Let’s be honest, though — this will give emigrants and citizens living in Northern Ireland the right to vote once every seven years for a position that has no legislative power whatsoever.
Not exactly the Magna Carta then for emigrants and northerners, and there is no guarantee that the convention’s proposal will be accepted by the Irish government when it is formally put to them.
Indeed, it was not a great week for emigrant vote supporters. Several opinion polls now show that the Irish Senate will be abolished by referendum this Friday.
The Senate, which does have some legislative powers, is the upper house of the Dail (Parliament), and there was always a cohort who thought that a seat for emigrants in that institution would give them a valuable voice.
In their wisdom, however, successive prime ministers who had 11 nominations preferred to give the seats mostly to party hacks rather than break any historic ground.
Ironically, the Senate vote takes place on the weekend of the third Global Irish Forum, marking the continued effort of the Irish government to reach out to their business diaspora abroad.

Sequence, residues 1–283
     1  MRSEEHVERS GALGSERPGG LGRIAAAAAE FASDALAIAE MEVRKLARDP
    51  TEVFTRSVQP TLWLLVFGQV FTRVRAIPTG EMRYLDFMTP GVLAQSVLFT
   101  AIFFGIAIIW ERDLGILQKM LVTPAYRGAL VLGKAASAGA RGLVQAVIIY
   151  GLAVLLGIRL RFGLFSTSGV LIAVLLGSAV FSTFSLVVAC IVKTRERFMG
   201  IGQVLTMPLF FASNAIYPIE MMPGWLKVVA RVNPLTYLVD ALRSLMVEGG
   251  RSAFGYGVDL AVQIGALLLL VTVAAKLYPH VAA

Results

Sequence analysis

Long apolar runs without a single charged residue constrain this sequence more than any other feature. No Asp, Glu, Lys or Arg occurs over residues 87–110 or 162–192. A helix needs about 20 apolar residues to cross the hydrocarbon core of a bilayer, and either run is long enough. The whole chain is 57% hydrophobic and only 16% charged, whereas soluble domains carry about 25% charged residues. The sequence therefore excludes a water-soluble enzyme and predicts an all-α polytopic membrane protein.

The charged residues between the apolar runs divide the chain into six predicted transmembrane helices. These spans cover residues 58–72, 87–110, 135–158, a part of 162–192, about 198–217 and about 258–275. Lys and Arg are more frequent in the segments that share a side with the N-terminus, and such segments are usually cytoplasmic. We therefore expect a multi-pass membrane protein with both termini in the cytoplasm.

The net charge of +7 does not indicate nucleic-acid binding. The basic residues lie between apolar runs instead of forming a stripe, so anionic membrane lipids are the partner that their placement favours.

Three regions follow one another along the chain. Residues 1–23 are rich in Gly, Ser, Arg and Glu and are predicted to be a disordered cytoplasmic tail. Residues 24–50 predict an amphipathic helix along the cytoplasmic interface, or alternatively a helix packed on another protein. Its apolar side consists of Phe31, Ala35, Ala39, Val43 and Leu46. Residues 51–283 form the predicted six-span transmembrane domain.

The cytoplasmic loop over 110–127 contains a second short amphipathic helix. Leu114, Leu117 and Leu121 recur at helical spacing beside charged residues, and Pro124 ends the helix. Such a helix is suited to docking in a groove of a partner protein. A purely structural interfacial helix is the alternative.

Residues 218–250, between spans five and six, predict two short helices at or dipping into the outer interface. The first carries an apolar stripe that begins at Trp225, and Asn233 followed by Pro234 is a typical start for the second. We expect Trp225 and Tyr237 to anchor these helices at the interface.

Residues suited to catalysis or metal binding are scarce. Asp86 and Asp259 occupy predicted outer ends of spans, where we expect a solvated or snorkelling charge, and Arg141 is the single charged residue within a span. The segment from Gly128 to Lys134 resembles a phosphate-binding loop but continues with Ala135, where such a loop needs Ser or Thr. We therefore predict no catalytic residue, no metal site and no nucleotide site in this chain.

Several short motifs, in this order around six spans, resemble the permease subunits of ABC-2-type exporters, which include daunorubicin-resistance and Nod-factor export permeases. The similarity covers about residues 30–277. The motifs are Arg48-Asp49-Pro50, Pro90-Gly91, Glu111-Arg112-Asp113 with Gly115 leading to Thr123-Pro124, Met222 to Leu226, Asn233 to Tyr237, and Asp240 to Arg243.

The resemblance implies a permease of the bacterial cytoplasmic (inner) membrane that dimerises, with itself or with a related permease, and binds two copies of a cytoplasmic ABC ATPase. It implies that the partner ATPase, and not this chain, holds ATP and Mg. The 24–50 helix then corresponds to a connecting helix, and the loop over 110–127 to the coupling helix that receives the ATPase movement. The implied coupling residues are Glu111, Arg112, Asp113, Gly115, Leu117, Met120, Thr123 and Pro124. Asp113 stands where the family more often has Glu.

The more cynical would posit that economic assistance, not recognition, of emigrant rights is the real priority of successive Irish governments, and it is not a million miles from the truth.
When, after much pressure, the vast country of Mexico allowed its emigrants the right to vote in elections, all of 40,000 people showed up out of 11.9 million Mexicans living abroad.
It is clear there would be similar small numbers of Irish expatriates who would cast their ballot, but the political parties in Ireland are adamant, it seems, that they should not be allowed that franchise in general elections.
A cut-off date of five years after leaving Ireland and a bullet proof voting system that would prevent any fraud would discharge the obligation to citizens abroad who send so much funds back home, form the backbone of the Irish diaspora and contribute mightily to Ireland’s footprint across the world.
Alas, the news from the convention seems an anemic middle way. Allowing a vote (or maybe not) in presidential elections seems the best on offer.
The 1916 Proclamation, the foundation stone document of the Irish state, spoke of the vital support of Ireland’s “exiled children in America” and their importance.
Almost a century later those exiled children are still in America and many other places as well, but their contribution is not similarly acknowledged. It is an issue that should be redressed.
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